PORT-AU-PRINCE, Haiti – Nicolas Sarkozy's visit Wednesday, the first ever by a French president, is reviving bitter memories of the crippling costs of Haiti's 1804
The debt hobbled Haiti, it seemed for life.
A country plagued by natural and unnatural calamities of Biblical proportions was desperately poor and mismanaged even before a magnitude-7 earthquake smashed up Port-au-Prince, killing more than 200,000 people and leaving more than a million homeless.
Haitian politicians this week diplomatically skirted the question of reparations — a demand put to Paris by ousted President Jean-Bertrand Aristide in 2004. That suggests Sarkozy's four-hour visit could herald a new era.
Some are welcoming France's new interest in what was its richest colony as a counterbalance to the United States, which occupied Haiti from 1915 to 1934 and has sent troops three times in the past 16 years.
French officials say Sarkozy will announce details of "a French plan for the reconstruction of Haiti" — if Haitian officials agree. It differs little from proposals from Haitian, U.S. and U.N. officials to decentralize power away from the devastated capital and boost agriculture and tourism.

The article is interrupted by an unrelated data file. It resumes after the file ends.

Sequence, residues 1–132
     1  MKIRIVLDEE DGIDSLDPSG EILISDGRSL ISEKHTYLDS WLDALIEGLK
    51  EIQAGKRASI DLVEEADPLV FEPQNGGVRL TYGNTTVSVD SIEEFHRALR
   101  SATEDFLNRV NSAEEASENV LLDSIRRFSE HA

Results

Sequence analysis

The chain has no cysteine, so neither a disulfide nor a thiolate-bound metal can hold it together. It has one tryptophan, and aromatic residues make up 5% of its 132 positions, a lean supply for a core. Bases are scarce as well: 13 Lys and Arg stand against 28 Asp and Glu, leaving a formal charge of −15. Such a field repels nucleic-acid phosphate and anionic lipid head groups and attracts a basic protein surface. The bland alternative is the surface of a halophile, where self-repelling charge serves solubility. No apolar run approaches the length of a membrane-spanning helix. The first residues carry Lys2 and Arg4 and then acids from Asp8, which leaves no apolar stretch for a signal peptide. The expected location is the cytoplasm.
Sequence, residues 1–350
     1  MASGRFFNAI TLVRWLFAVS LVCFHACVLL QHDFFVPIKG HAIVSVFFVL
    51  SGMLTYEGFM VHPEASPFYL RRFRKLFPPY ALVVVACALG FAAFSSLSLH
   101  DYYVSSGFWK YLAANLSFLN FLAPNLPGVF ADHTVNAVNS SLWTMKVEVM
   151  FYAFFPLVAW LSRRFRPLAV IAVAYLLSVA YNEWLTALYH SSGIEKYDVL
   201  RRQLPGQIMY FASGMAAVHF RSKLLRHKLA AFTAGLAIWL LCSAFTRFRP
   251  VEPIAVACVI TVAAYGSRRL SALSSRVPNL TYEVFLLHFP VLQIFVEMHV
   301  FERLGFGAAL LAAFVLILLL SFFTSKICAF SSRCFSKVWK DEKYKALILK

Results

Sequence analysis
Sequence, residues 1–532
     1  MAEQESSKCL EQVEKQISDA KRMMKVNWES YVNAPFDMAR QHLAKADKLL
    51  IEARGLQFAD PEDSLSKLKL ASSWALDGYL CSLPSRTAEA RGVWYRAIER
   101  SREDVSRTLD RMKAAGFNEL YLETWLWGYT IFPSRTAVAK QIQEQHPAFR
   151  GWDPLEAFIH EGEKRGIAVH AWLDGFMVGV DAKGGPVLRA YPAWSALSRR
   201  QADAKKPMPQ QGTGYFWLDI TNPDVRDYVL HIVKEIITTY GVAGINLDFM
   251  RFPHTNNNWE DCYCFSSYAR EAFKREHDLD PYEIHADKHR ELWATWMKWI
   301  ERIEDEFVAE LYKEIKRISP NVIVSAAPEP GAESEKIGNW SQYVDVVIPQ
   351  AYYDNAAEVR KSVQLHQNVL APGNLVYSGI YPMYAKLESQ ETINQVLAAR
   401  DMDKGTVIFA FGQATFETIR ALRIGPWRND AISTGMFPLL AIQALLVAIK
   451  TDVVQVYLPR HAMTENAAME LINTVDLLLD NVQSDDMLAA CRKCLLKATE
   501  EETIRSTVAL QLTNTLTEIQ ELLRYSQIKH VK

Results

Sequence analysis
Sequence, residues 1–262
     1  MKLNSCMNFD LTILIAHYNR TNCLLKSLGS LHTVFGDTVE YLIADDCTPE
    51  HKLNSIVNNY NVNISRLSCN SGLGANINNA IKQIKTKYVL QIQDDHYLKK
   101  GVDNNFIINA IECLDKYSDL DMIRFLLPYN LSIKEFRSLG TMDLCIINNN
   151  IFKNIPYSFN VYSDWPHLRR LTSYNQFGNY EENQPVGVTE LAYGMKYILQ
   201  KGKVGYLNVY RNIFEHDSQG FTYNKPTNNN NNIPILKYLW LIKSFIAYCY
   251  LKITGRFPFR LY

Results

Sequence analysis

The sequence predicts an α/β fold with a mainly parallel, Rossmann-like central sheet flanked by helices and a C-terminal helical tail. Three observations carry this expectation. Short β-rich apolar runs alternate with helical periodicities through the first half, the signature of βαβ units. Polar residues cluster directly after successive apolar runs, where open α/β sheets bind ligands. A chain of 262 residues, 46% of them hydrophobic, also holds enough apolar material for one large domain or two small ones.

The trip brings Sarkozy to an island where, French officials acknowledge, fascination with things French duels with strong, lingering resentments.
One official close to the French presidency, briefing reporters in Paris on condition of anonymity, hinted that France is not deaf to calls for reparations, calling Sarkozy's visit "an occasion to show that France is mobilizing to give Haitians control of their destiny and pay past debts."
For Millien Romage, a legislator for Aristide's party when reparations were demanded, "This is not a time to be making loud demands. We don't want to fight. But perhaps the French could recognize their debt by helping us to get out of poverty. They can help build roads, houses, schools."
Sarkozy himself has said the catastrophe, following so many others, offers "a chance to get Haiti once and for all out of the curse it seems to have been stuck with for such a long time."